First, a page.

I’ve been editing along in Charles Edge’s “Take Control of OS X Server” so far with a certain amount of knowledge, since I’ve used OS X Server in the distant past and have run Internet servers for decades. But this week’s installment, Chapter 9, “Mobile Device Management,” was an eye-opener for me. The Profile Manager service in OS X Server is one of the more complex — and more useful! — features of OS X Server, since it enables system administrators to configure multiple iOS devices or Macs with consistent settings and policies, something I’ve never had a chance to play with before.
The list of settings that can be pushed wirelessly to a fleet of iPads, for instance, is huge, and it’s something that any organization with a collection of devices should be using. Among much else, you can use it to push apps and Web clips to devices, set and enforce passcode policies, configure email settings, set device restrictions, and even remotely unlock, lock, or wipe devices.
Charles starts out by walking readers through enabling Profile Manager, which is a bit more involved than many other services in OS X Server. The next step is to enroll devices in Profile Manager, and once that’s done, Charles explains how to manage those devices, which takes place in a Web-based portal, rather than in the Server app. It’s not hard, but you’ll spend some time wrapping your head around all the options and determining what settings and policies you wish to distribute.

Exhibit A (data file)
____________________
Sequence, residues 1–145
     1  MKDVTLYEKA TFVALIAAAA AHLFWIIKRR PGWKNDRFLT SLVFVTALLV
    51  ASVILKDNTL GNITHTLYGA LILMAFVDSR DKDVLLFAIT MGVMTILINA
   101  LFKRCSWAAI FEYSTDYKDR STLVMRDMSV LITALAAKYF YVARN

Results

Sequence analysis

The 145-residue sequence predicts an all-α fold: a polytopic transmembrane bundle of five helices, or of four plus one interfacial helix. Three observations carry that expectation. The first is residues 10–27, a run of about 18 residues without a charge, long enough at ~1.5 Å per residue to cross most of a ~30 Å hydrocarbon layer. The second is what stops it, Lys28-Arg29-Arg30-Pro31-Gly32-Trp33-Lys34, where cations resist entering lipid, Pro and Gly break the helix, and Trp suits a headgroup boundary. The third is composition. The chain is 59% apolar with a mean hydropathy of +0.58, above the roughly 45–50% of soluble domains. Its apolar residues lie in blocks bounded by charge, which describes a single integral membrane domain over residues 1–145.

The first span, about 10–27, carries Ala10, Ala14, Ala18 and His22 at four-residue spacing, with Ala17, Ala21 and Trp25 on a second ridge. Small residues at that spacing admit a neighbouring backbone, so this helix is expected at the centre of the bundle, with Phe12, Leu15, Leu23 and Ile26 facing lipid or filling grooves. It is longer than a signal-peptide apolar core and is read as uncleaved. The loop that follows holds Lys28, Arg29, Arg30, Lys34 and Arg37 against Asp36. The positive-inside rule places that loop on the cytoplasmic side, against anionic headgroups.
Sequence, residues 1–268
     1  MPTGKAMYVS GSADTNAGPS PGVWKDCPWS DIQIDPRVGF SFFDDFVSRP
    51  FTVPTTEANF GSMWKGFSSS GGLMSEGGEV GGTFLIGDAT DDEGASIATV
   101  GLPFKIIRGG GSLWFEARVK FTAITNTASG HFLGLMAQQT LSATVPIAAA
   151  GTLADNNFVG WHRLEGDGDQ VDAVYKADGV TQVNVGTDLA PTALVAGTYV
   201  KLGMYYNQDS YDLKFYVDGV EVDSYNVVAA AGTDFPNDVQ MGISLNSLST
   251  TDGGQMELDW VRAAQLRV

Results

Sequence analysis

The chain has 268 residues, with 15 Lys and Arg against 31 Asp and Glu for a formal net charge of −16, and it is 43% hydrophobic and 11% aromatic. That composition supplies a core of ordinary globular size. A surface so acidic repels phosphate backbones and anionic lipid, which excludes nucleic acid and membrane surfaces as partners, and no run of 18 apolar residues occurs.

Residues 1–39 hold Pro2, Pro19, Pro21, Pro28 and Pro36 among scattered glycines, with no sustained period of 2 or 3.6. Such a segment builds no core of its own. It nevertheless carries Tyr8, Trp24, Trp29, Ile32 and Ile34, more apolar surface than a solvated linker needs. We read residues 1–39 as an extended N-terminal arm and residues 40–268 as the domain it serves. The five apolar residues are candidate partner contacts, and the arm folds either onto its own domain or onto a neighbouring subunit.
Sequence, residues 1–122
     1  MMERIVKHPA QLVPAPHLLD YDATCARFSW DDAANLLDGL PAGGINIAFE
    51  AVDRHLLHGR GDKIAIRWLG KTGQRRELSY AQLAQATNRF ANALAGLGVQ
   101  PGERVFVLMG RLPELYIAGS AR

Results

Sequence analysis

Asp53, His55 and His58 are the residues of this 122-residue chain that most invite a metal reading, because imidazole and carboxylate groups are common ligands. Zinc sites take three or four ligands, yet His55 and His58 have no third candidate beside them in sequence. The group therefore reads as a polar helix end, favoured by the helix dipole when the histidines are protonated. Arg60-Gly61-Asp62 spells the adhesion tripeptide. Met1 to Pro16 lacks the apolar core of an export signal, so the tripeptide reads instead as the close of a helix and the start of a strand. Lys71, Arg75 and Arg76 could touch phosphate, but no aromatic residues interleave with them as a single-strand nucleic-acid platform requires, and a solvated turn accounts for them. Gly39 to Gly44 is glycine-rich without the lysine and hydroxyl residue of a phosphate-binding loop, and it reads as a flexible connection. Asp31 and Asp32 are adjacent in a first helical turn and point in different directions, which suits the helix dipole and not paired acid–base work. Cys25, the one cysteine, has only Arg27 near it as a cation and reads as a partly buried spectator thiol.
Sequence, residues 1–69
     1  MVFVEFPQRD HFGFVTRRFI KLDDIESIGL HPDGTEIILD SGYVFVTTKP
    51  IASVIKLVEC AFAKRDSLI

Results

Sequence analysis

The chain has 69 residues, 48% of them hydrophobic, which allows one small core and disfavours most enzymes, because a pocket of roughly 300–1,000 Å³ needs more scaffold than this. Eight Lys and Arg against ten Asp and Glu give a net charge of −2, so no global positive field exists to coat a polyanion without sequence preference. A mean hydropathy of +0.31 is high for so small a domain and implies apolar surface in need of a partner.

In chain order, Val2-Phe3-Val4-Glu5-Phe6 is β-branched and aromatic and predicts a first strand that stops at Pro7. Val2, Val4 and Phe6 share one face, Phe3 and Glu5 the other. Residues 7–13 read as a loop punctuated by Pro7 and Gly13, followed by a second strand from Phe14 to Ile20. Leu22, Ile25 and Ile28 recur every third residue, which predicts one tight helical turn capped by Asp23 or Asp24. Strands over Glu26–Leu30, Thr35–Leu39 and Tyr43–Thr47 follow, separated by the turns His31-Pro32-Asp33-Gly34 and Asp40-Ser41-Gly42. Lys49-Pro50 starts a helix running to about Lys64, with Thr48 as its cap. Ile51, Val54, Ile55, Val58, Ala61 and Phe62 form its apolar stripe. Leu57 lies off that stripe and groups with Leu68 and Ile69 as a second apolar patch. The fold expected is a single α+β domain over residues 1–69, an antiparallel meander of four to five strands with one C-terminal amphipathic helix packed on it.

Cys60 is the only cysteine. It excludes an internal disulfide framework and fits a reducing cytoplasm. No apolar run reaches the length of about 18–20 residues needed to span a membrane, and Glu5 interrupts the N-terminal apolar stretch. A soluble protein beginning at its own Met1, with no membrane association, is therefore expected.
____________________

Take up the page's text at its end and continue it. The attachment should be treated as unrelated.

We encourage everyone to read the first two chapters of “Take Control of OS X Server” to see where the book is going — all subsequent chapters are available only to TidBITS members for now. If you have already joined the TidBITS membership program, log in to the TidBITS site using the email address from which you joined. The full ebook of “Take Control of OS X Server” will be available for purchase by everyone in PDF, EPUB, and Mobipocket (Kindle) formats once it’s complete. Published chapters include:
- Chapter 1: “Introducing OS X Server”
- Chapter 2: “Choosing Server Hardware”
- Chapter 3: “Preparation and Installation”
- Chapter 4: “Directory Services”
- Chapter 5: “DNS Service”
- Chapter 6: “File Sharing”
- Chapter 7: “Collaboration Services”
- Chapter 8: “Mail Services”
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